3 Pask: Approach 1961, p.68. back

4 Pask: Approach 1961, p.70. Cf. Burnham: Modern Sculpture 1978, p.337s. back

5 Pask: Comment 1971, p.77-88; Pickering: Brain 2010, p.317ss.; Rosen: Control 2008, p.136-145. back

6 Pask: Comment 1971, p.78. back

7 Pask: Comment 1971, p.80. Cf. Pickering: Brain 2010, p.316.
Pask: Comment 1971, p.78 on the musician: "The musical performer (who may, incidentally, be replaced by a small group or band) must first be able to see the visual display and second be able to modify his performance according to what he sees. The latter condition can be satisfied in various ways. At one extreme, the performer has a (usually memorized) score and he modifies his performance by giving a different interpretation to the piece. At the other extreme, he improvises in a fashion that is only constrained by canons of music and his own disposition." back

8 Pask: Comment 1971, p.78ss.; Pickering: Brain 2010, p.314, fig. 7.2, p.316; Rosen: Control 2008, p.136. back

9 Pask: Comment 1971, p.86.
Gordon Pask´s "electro-chemical display" is a part of a research investigating the relations between "stability and variety" in "self-organizing systems". In the course of the research Pask began to develop "chemical computers": "Chemical computers arise from the possibility of `growing´ an active evolutionary network by an electro-chemical process." (Pask: Approach 1961, p.105) On the insights in emergence that Pask was able to win within the research project: Cariani: Emergence 1991, p.789; Cariani: Ear 1993; Pickering: Brain 2010, p.334-343; Whitehead: Metacreation 2004, p.223. back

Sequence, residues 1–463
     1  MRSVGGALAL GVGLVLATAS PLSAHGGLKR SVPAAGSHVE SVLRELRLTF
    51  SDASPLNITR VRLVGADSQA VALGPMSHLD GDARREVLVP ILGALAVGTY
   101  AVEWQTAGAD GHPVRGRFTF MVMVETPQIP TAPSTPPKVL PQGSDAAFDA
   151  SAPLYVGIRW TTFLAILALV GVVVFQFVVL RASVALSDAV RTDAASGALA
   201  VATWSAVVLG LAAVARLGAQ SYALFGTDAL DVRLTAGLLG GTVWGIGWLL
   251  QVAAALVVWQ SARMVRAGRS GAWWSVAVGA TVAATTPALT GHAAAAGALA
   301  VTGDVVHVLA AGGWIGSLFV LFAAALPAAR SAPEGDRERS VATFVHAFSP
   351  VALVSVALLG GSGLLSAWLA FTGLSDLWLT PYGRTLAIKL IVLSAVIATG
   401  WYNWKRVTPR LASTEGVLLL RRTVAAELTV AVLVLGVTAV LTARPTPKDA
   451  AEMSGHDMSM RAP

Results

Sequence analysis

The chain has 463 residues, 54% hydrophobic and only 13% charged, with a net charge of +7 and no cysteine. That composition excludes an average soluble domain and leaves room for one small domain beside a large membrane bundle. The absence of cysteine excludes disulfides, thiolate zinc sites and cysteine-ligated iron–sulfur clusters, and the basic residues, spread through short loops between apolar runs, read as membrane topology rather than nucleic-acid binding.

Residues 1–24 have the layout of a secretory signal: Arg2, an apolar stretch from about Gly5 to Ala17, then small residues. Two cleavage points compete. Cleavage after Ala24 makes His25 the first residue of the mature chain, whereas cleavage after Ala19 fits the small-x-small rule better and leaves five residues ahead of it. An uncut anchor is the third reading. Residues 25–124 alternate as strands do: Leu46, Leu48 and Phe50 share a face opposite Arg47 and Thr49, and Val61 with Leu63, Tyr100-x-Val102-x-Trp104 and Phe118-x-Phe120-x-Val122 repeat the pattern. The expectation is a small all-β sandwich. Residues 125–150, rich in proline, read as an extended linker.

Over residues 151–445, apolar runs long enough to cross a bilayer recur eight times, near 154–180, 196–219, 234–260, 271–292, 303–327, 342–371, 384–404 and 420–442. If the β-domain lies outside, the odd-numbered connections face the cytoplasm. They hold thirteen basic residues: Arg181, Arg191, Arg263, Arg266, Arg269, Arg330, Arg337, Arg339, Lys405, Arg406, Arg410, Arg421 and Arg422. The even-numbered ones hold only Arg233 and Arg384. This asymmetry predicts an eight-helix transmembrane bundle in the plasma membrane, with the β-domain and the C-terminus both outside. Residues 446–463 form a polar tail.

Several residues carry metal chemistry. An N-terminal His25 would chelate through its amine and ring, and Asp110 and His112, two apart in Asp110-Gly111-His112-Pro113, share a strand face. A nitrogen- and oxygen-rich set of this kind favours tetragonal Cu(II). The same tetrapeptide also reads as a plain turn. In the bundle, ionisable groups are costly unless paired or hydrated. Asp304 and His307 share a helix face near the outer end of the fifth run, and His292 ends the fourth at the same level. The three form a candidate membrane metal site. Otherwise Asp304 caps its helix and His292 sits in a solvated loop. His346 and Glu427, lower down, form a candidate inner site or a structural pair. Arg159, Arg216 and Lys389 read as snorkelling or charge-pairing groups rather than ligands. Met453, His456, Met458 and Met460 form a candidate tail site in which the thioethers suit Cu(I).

10 Pask: Comment 1971, p.78ss. back

11 Pask: Comment 1971, p.86: "From the performer´s point of view, training becomes a matter of persuading the machine to adopt a visual style which fits the mood of his performance. At this stage in the development of the rapport, the performer conceives the machine as an extension of himself, rather than as a detached or disassociated entity." back

12 Pask: Approach 161, p.48: "A system is `self-organizing´ if the rate of change of its redundancy is positive." back

13 Pask: Approach 1961, p.48. In this case the musician is the "observer".
Pask describes "observers" as "men, animals, or machines able to learn about their environment and impelled to reduce their uncertainty about the events which occur in it, by dint of learning." (Pask: Approach 1961, p.18) "Some simplified abstractions from the real world" can be falsified in their character as fundamentals for predictions: "Any observation of the real world is fallible..." (Pask: Approach 1961, p.19) Learning became a presupposition to obtain sufficient "requisite variety" (Pask: Approach 1961, p.51ss.; see chap. II.1.5) for adequate reactions to environmental events. back

14 "Responsive environment": Burnham: Aesthetics 1970, p.108; Burnham: System Esthetics 1968, p.35; Krueger: Computer 1976; Krueger: Environments 1977/1996, p.481s.; Krueger: Videoplace 1985, S.145,147. back

15 Bruinsma, A.H.: Practical Robot Circuits. A Philips Technical Publication. Quoted in: Hoggett: CYSP 1 2009. Jean-Noël Montagné in 10/27/2013 in an e-mail to the author.
The name "CYSP" is an abbreviation. It consists of the first two letters of «cybernétique» and «spatiodynamique» (Cassou/Habasque/Ménétier: Schöffer 1963, p.50).
On a justified criticism of the term "electronic brain", published in 1951 in the leaflet of the Science Museum in South Kensington for the "Festival of Great Britain" in London: see chap. VII.1.1 on "Ferranti NIMROD". back